11. Biochemical and Structural Analyses of a Bacterial Endo-β-1,2-Glucanase Reveal A New Glycoside Hydrolase Family.

    PubMed

    Abe, Koichi; Nakajima, Masahiro; Yamashita, Tetsuro; Matsunaga, Hiroki; Kamisuki, Shinji; Nihira, Takanori; Takahashi, Yuta; Sugimoto, Naohisa; Miyanaga, Akimasa; Nakai, Hiroyuki; Arakawa, Takatoshi; Fushinobu, Shinya; Taguchi, Hayao

    2017-03-07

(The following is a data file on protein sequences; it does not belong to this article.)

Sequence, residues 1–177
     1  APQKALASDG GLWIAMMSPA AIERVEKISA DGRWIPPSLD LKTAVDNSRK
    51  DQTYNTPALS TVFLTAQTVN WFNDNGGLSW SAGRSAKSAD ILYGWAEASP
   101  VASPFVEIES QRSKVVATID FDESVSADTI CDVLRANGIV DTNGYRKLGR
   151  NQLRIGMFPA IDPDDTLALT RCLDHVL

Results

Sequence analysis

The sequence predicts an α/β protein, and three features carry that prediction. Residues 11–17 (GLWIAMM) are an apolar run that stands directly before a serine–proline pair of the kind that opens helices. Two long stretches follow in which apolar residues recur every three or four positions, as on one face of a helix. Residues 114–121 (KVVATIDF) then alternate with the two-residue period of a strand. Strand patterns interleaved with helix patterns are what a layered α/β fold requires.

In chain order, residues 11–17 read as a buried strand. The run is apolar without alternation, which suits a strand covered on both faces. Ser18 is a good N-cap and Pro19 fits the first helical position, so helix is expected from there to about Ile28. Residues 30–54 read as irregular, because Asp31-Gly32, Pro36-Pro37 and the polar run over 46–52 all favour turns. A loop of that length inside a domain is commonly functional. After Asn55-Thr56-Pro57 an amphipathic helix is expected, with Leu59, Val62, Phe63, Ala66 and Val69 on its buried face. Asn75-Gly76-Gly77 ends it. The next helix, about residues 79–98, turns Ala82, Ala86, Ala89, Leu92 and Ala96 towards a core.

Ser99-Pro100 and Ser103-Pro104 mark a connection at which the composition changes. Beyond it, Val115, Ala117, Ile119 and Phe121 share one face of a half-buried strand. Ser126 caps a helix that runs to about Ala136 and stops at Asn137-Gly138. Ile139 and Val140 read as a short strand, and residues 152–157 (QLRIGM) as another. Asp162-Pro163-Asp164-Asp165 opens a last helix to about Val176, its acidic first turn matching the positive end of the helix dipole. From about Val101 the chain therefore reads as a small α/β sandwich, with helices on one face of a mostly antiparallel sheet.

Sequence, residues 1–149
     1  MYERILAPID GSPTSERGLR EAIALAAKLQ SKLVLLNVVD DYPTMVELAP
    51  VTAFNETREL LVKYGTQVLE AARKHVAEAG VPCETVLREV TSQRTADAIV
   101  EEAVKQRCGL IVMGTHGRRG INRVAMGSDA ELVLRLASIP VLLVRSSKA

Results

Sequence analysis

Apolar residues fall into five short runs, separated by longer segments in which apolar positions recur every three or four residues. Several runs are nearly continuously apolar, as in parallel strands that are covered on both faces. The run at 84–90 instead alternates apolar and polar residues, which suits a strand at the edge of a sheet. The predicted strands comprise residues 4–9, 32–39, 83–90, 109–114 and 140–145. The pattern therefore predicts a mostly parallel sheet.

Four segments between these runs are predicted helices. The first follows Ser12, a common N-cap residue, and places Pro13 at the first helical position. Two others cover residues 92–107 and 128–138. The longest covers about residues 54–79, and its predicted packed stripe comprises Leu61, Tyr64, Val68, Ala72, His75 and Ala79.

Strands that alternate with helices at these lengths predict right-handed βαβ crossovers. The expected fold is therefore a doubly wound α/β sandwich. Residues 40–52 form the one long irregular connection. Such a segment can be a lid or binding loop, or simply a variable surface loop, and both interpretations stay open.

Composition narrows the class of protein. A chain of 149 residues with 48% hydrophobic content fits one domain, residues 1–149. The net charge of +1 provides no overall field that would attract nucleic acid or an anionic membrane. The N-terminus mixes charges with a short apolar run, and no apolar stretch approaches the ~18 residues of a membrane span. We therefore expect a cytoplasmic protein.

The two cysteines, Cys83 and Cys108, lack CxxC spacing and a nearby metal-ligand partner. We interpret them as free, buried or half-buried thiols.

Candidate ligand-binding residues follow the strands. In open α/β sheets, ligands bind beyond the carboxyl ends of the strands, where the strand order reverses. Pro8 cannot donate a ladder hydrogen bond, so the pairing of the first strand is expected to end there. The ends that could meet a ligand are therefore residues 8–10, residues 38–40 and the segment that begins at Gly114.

β-1,2-Glucan is an extracellular cyclic or linear polysaccharide from Gram-negative bacteria, with important roles in infection and symbiosis. Despite β-1,2-glucan's importance in bacterial persistence and pathogenesis, only few reports exist on enzymes acting on both cyclic and linear β-1,2-glucan. To this end, we purified an endo-β-1,2-glucanase to homogeneity from cell extracts of the environmental species Chitinophaga arvensicola, and an endo-β-1,2-glucanase candidate gene (Cpin_6279) was cloned from the related species Chitinophaga pinensis. The Cpin_6279 protein specifically hydrolyzed linear β-1,2-glucan with polymerization degrees of ≥ 5 and a cyclic counterpart, indicating that Cpin_6279 is an endo-β-1,2-glucananase. Stereochemical analysis demonstrated that the Cpin_6279-catalyzed reaction proceeds via an inverting mechanism. Cpin_6279 exhibited no significant sequence similarity with known glycoside hydrolases (GHs) and thus the enzyme defines a novel GH family, GHxxx. The crystal structures of the ligand-free and complex forms of Cpin_6279 with glucose (Glc) and sophorotriose (Glc-β-1,2-Glc-β-1,2-Glc) determined up to 1.7 Å revealed that it has a large cavity appropriate for polysaccharide degradation and adopts an (α/α)6-fold slightly similar to that of GH family 15 and 8 enzymes. Mutational analysis indicated that some of the highly conserved acidic residues in the active site are important for catalysis, and the Cpin_6279 active site architecture provided insights into the substrate recognition by the enzyme. The biochemical characterization and crystal structure of this novel GH may enable discovery of other β-1,2-glucanases and represents a critical advance toward elucidating structure-function relationships of GH enzymes.